At 366 feet tall and 516 feet wide, the new MSG Sphere in Las Vegas is being billed as the world’s largest spherical structure and video screen.

The bowl-shaped theater, which won’t open to the public for another three months, reportedly contains the world’s highest-resolution wrap-around LED screen. The exterior of the structure is fitted with 1.2 million hockey puck-sized LEDs, each containing 48 individual LED diodes capable of displaying 256m different colors. The exterior’s fully programmable screen, called the Exosphere, projects bright colorful displays on a colossal scale. It was illuminated for the first time on July 4th to celebrate the holiday.

“The Exosphere is more than a screen or a billboard – it is living architecture and unlike anything that exists anywhere in the world,” said Guy Barnett, Senior Vice President of Brand Strategy and Creative Development at MSG Sphere.

The interior design hasn’t been unveiled yet, apart from digital representations, and its primary area will feature a massive curved screen. The 16K x 16K LED screen will encompass the ceiling inside the venue, distinct from the LEDs on the exterior, surrounding the audience in an all-encompassing experience. The venue also reportedly contains over 160,000 speakers spread around the bowl which are designed to deliver the same high-quality sound to every seat.

Approximately 10,000 seats will also feature advanced 4D technology, with haptic feedback and environmental effects which can simulate sensations like a shift in temperature, a cool breeze, and even certain scents. A specialized camera system capable of capturing imagery at 120 frames per second in 18K square formats was also developed to provide content for the immersive experiences.

“The way I describe it to my friends and family is, it’s the entertainment venue of the future,” says Rich Claffey, Sphere’s chief operations officer

Designed by Populous, the global architecture firm responsible for many of the world’s top sports arenas, the construction costs for the globe were approximately $2.3 billion which is more than the Allegiant Stadium and Bellagio. The Sphere seats roughly 18,000 people and resides one block east of the Last Vegas Strip. It will also be connected by a pedestrian walkway to the Venetian resort complex.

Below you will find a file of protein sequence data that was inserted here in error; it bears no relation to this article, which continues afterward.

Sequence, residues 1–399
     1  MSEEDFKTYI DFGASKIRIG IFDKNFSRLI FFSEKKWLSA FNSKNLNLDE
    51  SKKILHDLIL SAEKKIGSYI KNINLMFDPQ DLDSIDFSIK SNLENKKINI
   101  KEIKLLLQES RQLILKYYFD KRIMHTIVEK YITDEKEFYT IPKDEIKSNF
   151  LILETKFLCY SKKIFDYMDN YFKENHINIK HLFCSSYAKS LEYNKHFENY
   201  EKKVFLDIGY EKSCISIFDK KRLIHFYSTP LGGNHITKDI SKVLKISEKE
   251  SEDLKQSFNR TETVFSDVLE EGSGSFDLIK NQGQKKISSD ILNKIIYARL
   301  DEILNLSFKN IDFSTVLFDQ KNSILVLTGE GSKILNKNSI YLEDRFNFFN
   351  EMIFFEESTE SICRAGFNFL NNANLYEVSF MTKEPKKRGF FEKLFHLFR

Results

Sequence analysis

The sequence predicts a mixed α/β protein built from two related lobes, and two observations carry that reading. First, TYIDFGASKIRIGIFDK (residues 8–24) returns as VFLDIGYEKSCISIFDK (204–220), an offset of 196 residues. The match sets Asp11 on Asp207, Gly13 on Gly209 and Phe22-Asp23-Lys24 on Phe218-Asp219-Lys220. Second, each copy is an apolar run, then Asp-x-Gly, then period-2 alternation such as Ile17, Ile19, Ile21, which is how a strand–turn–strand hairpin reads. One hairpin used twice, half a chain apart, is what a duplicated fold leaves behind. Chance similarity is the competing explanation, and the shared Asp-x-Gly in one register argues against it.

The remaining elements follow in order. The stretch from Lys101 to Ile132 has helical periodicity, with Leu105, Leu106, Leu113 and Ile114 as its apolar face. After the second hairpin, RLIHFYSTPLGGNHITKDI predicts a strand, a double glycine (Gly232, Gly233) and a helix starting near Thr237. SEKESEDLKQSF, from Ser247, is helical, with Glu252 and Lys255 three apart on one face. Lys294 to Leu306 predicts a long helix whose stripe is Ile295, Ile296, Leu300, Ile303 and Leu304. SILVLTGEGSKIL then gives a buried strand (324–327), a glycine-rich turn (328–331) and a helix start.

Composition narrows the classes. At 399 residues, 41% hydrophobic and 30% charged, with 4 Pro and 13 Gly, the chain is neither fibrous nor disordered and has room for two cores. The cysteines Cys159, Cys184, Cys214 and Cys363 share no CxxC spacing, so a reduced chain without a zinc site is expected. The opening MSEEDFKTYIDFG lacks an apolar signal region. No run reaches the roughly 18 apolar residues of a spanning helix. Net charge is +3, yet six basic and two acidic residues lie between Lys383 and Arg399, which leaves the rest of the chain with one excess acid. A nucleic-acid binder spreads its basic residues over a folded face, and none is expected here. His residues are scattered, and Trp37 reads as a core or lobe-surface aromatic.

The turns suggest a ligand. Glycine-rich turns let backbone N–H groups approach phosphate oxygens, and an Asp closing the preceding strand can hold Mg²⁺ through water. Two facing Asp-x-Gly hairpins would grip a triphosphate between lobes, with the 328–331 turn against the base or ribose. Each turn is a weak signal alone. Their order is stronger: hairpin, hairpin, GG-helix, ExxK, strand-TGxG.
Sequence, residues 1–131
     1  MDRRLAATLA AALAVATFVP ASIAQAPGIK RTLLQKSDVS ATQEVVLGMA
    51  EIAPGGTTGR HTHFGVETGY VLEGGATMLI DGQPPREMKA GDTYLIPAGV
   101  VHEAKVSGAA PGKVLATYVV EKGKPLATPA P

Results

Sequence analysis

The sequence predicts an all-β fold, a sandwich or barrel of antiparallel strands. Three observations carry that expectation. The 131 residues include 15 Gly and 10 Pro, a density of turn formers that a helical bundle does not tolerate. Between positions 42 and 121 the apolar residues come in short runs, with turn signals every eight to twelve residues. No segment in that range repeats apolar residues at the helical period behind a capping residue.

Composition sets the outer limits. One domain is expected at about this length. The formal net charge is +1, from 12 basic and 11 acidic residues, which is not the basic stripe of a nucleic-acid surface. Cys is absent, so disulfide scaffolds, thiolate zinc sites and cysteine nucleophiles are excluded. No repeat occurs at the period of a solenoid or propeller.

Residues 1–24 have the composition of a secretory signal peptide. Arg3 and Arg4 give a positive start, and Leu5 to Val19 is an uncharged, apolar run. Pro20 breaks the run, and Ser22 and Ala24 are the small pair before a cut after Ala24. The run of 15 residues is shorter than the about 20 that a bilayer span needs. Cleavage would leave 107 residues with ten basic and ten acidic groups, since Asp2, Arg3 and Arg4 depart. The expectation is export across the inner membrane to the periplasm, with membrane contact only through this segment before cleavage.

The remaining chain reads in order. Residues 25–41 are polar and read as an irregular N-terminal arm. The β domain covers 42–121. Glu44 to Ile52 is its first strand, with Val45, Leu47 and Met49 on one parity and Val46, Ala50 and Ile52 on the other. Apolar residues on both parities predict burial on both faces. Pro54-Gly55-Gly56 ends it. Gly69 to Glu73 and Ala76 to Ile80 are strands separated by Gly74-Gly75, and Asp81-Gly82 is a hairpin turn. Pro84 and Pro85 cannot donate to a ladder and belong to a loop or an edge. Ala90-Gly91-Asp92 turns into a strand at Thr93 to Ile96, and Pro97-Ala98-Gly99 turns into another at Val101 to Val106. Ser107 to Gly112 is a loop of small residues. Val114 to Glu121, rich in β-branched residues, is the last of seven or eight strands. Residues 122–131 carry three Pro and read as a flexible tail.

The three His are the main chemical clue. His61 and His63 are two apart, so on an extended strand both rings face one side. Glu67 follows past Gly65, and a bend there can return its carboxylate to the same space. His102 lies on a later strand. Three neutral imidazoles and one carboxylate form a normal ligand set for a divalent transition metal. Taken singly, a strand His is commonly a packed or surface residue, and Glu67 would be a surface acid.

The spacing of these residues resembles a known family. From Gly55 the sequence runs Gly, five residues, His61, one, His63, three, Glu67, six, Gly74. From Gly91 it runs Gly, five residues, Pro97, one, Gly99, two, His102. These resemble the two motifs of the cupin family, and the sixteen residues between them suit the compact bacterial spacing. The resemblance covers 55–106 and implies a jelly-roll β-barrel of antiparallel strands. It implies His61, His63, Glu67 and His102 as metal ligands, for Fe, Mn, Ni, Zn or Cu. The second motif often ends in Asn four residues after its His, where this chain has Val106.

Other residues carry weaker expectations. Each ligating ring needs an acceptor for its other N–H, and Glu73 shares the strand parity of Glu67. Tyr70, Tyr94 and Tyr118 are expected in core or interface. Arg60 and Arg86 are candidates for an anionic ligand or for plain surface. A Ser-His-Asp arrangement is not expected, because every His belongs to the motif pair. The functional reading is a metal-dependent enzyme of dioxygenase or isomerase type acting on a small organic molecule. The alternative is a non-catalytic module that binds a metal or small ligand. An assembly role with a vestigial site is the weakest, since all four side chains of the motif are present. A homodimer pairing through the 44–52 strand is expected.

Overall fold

“The screen goes from ground (level) to 250 feet high, all the way around…” says Claffey, the Sphere operations officer. “It keeps you fully immersed when you’re sitting in that bowl. I used to love IMAX in New York City, but this will blow that away.”

Artist's Rendering of the Audience Bowl Inside The Sphere
Artist’s rendering of the audience bowl inside The Sphere; Photo: Sphere Entertainment

The venue is designed to host events including music, film, and sports. The Sphere’s opening will be celebrated with “U2:UV Achtung Baby Live at Sphere,” which is a series of 25 concerts by U2 held at the entertainment venue. The concerts will be held through mid-December and ticket prices start at $140.

“There’s nothing like it. It’s light years ahead of everything that’s out there,” says U2’s The Edge while touring the venue in a recent Apple Music video.

Officially opening on September 29th, the structure’s exterior will be illuminated every day and night with animations and other imagery. Some of the imagery will be tied to particular seasons, for example transforming into a giant pumpkin on Halloween and a snow globe for Christmas.

Las Vegas The Sphere LED Technology
Las Vegas The Sphere LED Technology; Photo: Sphere Entertainment

The venue will reportedly host exclusive screenings of “Postcard From Earth,” a film by Darren Aronofsky, promising to use the experience to take advantage of the Sphere’s vast screen. Additionally, in November, the Formula 1 Las Vegas Grand Prix’s street circuit will pass through the Sphere property and the arena eventually hopes to host boxing and mixed martial arts events as well.

“Most music venues are sports venues. They’re built for sports – they’re not built for music. They’re not built for art,” says U2’s Bono in the Apple Music interview. “This building was built for immersive experiences in cinema and performance…”